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Temporary workers step up to meet the increased need

Temporary workers step up to meet the increased need

May 11, 2020 in Volunteer Spotlight

In March, we made the difficult decision to suspend volunteer sessions until further notice. Thanks to a grant from the Missouri Foundation for Health, we were able to hire 30 temporary employees through Penmac Staffing. All of these Hunger Heroes were displaced from their previous jobs due to COVID-19, and they have served The Food Bank with so much compassion over the past few months.

Every weekday, they sort and pack food, work in the garden, assemble Weekend Backpack food bags, Senior Food boxes, emergency food kits and so much more. We are so thankful for their service! Read about two of our newest friends below.

Jason Terry

Before the pandemic, Jason worked as a full-time substitute teacher at Willard High School. Jason originally became a sub five years ago while looking for another job after 22 years as a service representative, but teaching quickly became his passion.

“I kind of wish I had gone into teaching in the first place. It’s fun to watch the kids grow up and see who they’re becoming. I’ve definitely missed them,” he shared.

Jason has enjoyed his time at The Food Bank. His favorite task is sorting frozen food.

“I love to cook, and I cook a lot of meat. I love sorting frozen because I love to see those big steaks come through and dream about what I could do with them at home,” he says with a laugh.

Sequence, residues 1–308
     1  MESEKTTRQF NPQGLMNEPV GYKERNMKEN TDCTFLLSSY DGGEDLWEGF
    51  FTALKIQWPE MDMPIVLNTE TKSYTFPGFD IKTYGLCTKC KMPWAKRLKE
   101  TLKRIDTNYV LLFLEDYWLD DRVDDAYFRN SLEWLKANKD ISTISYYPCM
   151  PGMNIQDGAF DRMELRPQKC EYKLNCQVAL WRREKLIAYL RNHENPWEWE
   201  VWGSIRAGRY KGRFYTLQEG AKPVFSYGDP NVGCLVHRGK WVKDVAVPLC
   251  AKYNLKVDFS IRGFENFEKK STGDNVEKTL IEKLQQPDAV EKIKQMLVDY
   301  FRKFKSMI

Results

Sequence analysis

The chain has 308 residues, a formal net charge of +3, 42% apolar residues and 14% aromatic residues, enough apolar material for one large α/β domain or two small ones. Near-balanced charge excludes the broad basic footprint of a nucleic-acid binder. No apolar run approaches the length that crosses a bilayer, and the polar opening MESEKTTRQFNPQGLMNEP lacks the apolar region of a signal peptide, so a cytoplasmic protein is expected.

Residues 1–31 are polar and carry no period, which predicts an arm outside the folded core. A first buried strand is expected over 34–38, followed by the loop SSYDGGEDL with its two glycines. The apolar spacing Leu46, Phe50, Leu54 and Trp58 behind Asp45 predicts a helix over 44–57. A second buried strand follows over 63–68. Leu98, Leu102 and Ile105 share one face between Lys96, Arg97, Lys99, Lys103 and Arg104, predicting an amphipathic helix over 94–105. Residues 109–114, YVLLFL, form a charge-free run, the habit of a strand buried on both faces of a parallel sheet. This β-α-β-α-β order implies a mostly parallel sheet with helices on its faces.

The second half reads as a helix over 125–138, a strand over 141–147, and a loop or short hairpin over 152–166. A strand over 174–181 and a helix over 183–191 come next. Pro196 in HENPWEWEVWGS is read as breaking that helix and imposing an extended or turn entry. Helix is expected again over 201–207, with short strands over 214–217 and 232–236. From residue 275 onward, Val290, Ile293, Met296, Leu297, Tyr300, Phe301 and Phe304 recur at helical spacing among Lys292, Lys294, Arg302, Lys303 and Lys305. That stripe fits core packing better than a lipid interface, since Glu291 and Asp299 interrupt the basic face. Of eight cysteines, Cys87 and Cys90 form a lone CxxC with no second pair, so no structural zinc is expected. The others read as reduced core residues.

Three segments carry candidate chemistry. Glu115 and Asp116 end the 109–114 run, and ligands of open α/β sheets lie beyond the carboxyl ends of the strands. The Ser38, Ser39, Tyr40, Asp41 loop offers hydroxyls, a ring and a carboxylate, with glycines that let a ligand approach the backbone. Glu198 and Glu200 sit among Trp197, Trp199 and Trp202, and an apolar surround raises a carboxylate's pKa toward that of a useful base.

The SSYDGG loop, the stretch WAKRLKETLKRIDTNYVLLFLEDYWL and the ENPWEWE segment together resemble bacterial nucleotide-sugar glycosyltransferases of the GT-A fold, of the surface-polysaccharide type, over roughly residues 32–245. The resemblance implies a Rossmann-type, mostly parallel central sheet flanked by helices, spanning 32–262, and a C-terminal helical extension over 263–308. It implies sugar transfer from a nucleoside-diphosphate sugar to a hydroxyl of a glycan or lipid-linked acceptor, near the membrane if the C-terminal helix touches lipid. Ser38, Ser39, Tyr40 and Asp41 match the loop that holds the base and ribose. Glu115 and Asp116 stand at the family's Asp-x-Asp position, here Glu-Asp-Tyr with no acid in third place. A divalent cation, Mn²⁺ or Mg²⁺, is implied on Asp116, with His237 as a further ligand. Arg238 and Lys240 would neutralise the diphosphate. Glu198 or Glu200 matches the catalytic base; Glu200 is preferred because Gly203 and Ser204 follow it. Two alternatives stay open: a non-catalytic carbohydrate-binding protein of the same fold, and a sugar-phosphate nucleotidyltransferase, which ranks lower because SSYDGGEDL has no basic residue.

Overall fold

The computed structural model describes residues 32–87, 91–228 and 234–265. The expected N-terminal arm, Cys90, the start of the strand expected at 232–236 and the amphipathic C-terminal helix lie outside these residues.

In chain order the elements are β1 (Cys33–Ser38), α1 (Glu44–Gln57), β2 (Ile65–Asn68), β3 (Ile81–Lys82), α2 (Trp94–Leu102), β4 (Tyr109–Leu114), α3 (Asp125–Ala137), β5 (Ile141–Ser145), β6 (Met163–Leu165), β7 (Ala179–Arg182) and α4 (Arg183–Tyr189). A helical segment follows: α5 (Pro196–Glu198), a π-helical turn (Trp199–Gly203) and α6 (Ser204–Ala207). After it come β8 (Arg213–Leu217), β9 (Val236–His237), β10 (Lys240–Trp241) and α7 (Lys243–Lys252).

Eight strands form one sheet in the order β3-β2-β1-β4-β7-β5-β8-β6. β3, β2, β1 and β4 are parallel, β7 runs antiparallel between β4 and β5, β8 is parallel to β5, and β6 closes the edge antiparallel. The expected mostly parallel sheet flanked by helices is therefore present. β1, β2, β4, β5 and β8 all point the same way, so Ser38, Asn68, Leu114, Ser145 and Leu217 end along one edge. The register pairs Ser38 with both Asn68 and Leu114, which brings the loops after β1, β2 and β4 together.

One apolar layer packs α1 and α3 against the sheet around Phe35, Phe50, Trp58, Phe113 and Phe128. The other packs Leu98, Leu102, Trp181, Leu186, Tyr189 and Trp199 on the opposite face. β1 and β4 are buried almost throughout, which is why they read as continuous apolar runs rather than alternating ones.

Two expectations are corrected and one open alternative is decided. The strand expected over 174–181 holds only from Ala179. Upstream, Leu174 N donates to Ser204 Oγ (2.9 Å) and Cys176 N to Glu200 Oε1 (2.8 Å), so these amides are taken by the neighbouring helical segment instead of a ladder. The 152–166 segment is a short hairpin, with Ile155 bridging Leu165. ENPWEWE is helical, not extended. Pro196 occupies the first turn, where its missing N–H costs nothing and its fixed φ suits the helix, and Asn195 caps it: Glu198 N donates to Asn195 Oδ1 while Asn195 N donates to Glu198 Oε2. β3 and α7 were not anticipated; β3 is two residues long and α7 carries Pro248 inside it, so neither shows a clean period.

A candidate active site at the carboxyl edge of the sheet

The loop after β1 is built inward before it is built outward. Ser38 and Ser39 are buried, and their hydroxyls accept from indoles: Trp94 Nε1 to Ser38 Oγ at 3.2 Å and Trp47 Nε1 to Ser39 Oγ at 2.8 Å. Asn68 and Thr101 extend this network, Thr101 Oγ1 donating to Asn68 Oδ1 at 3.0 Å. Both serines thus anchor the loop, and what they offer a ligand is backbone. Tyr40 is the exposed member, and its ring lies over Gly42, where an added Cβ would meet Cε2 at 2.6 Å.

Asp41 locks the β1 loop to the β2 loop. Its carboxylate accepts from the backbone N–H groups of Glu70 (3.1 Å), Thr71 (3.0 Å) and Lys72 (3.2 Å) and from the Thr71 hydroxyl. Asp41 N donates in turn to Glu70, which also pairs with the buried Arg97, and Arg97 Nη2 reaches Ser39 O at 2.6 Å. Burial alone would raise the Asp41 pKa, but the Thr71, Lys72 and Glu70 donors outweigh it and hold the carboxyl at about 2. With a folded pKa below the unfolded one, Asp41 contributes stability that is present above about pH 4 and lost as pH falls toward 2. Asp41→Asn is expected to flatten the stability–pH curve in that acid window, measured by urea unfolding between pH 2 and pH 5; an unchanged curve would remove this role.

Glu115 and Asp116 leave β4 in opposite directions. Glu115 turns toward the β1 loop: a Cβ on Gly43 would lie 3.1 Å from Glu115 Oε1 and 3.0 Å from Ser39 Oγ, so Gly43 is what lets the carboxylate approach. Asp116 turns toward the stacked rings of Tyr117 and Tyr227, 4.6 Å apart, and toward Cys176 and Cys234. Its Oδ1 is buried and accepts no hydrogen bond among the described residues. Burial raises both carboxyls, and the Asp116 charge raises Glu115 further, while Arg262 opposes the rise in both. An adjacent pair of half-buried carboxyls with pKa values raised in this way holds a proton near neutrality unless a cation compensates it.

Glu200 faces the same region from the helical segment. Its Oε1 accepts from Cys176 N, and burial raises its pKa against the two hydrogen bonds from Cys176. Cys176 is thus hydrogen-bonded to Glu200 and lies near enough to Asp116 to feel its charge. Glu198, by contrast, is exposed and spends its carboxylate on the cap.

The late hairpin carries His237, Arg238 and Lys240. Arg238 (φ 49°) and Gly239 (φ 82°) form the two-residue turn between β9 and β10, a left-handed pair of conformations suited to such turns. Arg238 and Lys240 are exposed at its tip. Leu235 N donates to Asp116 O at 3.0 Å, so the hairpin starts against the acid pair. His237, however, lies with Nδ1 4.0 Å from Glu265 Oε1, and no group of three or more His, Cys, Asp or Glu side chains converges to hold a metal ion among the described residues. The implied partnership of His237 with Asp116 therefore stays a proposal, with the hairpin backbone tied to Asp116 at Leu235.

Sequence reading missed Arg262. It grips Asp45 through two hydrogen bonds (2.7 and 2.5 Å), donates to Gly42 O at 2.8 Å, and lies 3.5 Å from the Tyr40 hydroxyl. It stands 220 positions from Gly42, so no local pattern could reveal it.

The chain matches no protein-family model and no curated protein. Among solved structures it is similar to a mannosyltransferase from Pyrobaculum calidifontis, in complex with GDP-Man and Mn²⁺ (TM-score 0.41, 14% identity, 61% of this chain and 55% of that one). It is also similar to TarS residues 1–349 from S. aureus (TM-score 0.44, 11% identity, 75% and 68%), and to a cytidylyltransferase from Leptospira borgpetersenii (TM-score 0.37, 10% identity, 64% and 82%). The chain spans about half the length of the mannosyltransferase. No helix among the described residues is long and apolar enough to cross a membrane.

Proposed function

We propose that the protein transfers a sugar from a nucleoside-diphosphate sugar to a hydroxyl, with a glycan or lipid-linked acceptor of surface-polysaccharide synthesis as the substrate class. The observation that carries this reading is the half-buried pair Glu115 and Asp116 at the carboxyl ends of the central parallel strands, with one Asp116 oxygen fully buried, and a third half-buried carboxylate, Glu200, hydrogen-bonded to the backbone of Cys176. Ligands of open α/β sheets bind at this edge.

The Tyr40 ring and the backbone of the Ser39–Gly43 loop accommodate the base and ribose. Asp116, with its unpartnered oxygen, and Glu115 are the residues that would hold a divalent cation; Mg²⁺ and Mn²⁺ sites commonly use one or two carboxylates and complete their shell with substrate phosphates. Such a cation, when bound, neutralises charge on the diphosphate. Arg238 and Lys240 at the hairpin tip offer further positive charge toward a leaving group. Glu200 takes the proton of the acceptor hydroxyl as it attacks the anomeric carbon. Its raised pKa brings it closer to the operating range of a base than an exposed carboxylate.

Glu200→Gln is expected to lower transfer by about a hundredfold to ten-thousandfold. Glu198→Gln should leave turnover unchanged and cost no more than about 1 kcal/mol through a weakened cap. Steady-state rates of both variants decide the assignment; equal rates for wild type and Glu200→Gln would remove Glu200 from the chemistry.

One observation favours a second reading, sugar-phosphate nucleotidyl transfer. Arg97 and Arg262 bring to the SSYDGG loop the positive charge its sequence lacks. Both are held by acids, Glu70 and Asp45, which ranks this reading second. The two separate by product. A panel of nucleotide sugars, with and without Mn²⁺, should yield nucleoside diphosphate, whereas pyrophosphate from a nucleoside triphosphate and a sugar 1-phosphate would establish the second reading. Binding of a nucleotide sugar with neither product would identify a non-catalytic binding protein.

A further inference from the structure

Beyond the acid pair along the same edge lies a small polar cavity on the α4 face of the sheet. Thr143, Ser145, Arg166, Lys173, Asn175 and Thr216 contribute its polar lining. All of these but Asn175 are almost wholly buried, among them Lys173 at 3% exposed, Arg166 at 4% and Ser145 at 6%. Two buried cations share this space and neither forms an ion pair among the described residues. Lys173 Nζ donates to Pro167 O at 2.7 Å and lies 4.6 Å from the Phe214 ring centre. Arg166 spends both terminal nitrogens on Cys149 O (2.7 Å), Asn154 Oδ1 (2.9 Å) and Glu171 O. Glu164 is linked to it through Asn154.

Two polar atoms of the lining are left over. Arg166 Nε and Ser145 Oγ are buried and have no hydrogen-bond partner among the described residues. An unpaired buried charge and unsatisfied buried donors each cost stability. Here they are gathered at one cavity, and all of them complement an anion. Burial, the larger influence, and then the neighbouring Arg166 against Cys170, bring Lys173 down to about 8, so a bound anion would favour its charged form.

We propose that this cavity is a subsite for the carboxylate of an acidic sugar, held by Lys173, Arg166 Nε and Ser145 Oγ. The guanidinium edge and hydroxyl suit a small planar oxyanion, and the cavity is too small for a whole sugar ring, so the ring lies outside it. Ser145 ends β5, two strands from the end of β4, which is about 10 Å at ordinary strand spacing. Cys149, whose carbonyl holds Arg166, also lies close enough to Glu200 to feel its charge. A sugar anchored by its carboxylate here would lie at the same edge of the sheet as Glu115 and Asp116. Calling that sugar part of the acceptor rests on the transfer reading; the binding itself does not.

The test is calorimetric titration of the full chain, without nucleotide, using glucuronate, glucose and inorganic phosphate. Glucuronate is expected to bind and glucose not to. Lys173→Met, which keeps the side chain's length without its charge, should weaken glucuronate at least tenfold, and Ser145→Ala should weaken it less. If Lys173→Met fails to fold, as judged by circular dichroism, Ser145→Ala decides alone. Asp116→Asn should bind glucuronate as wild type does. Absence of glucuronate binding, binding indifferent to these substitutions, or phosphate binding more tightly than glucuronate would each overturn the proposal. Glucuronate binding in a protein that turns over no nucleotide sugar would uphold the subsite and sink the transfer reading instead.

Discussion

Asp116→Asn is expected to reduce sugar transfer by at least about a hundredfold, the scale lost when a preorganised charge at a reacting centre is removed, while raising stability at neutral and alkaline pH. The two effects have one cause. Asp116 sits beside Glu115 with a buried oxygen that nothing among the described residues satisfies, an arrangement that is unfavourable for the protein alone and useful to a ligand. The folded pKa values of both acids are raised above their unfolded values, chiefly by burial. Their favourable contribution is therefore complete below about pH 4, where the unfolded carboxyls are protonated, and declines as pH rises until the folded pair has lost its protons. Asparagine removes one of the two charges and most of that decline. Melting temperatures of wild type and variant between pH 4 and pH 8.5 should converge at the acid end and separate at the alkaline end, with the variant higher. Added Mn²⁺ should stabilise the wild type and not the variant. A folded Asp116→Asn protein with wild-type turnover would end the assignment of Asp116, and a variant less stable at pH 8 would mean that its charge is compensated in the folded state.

Jason says he’s learned a lot about hunger in the Ozarks over the past few months.

“Hunger in the Ozarks is more extensive than I ever thought. It’s been very eye-opening for me to work here. You get to see just how much food goes through here and how fast it gets out to people who need it. We have to do it that quick or people will go without food,” he said.

He also believes that more people need to learn about how to help their communities.

“I think that everyone should take time to get familiar with the ways that people help other people in their communities,” he expressed.

Mark Stauffer

Before he came to Ozarks Food Harvest, Mark was a substitute teacher at a variety of schools and cello player in the Springfield Symphony.

When school and the symphony season were cancelled for the rest of the year, Mark began searching for a new job.

“When all of this first started, I knew I wanted to be helpful during the pandemic in some way. I had applied for some other jobs, but when I called Penmac and they told me about this one, it felt like it was meant to be,” he said.

As an educator, Mark saw how children were affected by food insecurity on a daily basis. He often noticed children taking home Weekend Backpack food bags, but at the time, he had no idea where the bags came from.

“It’s like connecting the dots to come work here. There were so many kids who got the food bags and got free or reduced lunch, and I always wondered where the food came from.”

Now, Mark spends his days sorting and packing food—and assembling Weekend Backpack food bags—for families struggling to make ends meet. Mark also enjoys packing Senior Food boxes.

“My mom is elderly, and she doesn’t get these boxes, but sometimes she does need help. I understand that need and how important it is for seniors to get this food, so this really means a lot to me” he said.

Mark says he’s learned a lot about how a food bank can help people in need during his time at Ozarks Food Harvest.

“Knowing that a lot of people are relying on this right now is a big deal,” he shared. “I’m glad I got the chance to be here. I know how important it is, and I see what I’m doing to help the community.”

We are incredibly grateful for the work of Jason, Mark and our other temporary employees. In the past six weeks, they have worked more than 5,000 and sorted hundreds of thousands of pounds of food for families in need. Together, we are Transforming Hunger into Hope!

Click here to learn more about our COVID-19 response.